HeatherLINC | Jan 23, 2016 |
"Burned" is a novel about a young girl struggling to deal with her restrictive, Mormon religion and alcoholic, abusive father. Told in verse, this is a hard-hitting story with a shock ending. I like Pattyn as a protagonist and the way she questions God, women's rights and life in general. However, my favourite character is Pattyn's Aunt J who helps Pattyn to realise her own self-worth and opens her eyes to the options available to her beyond being a wife and mother. The romance between Pattyn and Ethan is touching, although a bit rushed. Unfortunately, there is no happy ending and it is heart-wrenching knowing that despite everything Pattyn has been through her future looks bleak. Hope there's a sequel. ( )
  HeatherLINC | Jan 23, 2016 |
Showing 1-5 of 74 (next | show all)
no reviews | add a review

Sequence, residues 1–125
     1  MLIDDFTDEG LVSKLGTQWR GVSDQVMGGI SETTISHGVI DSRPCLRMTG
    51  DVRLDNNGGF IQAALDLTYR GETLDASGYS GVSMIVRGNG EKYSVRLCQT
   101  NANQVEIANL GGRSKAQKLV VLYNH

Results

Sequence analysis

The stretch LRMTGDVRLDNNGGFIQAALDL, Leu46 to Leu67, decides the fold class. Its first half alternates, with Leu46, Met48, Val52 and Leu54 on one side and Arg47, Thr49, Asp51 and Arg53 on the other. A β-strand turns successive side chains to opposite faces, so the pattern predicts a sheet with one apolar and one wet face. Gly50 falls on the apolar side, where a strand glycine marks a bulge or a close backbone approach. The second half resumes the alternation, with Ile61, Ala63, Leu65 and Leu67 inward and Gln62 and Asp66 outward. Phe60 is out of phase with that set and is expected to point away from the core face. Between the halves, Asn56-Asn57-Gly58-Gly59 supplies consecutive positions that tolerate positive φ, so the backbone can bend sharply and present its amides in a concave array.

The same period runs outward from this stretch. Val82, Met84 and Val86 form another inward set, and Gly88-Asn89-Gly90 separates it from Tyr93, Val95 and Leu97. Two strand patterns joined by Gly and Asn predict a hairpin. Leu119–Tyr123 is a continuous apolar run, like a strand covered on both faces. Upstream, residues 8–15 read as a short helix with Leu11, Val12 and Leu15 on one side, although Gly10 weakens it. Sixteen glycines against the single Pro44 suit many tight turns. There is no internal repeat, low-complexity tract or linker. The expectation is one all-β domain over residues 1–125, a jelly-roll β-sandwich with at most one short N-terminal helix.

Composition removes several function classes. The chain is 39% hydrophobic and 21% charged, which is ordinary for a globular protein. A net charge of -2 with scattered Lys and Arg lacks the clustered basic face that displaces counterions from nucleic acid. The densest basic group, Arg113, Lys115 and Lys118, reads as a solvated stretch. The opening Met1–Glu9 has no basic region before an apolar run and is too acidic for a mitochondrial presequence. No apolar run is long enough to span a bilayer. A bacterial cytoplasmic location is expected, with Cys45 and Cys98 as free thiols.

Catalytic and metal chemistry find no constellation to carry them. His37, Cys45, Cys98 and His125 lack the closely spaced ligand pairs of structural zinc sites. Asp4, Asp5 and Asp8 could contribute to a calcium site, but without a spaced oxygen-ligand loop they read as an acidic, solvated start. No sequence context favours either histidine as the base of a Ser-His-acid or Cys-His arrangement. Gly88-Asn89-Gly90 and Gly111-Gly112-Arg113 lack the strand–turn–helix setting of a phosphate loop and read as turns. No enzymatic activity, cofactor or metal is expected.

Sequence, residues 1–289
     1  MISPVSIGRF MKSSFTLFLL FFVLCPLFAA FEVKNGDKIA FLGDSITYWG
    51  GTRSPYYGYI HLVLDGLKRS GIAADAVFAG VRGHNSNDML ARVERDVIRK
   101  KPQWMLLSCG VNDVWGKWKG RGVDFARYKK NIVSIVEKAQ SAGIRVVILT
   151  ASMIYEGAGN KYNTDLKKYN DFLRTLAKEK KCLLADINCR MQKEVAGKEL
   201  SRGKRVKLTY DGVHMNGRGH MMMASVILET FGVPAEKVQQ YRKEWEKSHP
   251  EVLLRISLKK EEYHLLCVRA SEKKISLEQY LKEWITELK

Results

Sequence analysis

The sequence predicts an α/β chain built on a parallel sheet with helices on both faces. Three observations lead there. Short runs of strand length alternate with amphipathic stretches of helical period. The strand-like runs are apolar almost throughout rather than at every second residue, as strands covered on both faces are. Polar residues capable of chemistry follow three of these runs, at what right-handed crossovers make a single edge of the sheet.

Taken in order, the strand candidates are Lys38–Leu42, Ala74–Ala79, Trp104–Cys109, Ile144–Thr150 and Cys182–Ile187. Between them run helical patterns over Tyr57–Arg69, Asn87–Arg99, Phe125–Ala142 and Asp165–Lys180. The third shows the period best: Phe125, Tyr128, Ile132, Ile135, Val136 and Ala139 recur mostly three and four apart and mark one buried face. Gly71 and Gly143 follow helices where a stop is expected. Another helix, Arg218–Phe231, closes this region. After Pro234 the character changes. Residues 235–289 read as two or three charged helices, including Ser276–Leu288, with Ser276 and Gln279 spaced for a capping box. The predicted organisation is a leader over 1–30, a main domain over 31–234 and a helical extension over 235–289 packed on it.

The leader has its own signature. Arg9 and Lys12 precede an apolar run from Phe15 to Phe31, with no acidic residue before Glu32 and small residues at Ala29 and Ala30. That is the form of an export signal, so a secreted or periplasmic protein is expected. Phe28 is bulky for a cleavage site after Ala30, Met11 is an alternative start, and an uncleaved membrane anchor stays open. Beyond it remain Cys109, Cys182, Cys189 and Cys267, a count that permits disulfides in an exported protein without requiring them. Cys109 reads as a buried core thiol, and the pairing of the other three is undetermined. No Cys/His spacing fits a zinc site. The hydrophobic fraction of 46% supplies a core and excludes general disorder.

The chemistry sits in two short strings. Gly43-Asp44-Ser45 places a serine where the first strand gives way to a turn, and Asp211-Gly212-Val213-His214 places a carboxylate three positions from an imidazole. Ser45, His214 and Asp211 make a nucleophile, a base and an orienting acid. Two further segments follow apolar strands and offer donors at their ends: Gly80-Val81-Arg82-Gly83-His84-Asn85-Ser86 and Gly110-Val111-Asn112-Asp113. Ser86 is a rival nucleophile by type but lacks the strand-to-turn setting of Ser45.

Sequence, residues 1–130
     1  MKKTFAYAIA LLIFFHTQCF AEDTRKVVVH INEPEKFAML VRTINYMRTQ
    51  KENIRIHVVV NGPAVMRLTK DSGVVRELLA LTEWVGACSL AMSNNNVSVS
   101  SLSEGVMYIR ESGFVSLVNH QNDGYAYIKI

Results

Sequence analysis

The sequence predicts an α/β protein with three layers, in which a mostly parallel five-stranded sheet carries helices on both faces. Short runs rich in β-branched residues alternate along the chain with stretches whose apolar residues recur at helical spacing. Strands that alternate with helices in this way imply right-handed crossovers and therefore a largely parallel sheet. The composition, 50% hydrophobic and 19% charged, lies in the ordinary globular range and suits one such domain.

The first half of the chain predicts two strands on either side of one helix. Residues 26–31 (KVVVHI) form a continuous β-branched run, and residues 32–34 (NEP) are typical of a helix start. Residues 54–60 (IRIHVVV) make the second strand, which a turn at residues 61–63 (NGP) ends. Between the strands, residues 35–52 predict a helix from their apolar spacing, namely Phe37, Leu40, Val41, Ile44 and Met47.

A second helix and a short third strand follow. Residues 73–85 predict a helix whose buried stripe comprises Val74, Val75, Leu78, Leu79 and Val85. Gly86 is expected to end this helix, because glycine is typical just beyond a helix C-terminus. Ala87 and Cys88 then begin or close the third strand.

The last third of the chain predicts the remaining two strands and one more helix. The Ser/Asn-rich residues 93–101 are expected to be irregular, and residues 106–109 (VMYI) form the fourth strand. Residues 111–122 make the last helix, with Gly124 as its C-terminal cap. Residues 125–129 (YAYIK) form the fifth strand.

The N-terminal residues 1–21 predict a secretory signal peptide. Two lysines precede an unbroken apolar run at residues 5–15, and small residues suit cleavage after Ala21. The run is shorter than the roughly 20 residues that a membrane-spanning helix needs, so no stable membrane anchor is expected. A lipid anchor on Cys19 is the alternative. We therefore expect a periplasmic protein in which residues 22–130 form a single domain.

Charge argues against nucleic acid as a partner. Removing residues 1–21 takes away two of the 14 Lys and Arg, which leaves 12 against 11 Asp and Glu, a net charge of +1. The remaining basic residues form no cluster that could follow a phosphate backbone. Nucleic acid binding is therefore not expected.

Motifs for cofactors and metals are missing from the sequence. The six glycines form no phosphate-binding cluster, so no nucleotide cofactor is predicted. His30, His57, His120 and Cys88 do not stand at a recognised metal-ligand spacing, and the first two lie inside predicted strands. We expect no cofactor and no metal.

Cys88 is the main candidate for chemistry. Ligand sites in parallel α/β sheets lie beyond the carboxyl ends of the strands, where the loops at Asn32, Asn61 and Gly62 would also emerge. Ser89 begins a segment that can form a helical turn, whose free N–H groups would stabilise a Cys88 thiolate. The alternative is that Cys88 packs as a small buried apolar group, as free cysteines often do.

You must log in to edit Common Knowledge data.
For more help see the Common Knowledge help page.
Series (with order)
Canonical title
Original title
Alternative titles
Original publication date
People/Characters
Important places
Important events
Related movies
Awards and honors
Epigraph
Dedication
"This book is dedicated to my exceptional editor and support system, Julia Richardson. With special thanks to kathleen Jones, who found the courage to forge her own path, and without whose help this book would not have been as accurate a glimpse of a young woman struggling with her religion."
First words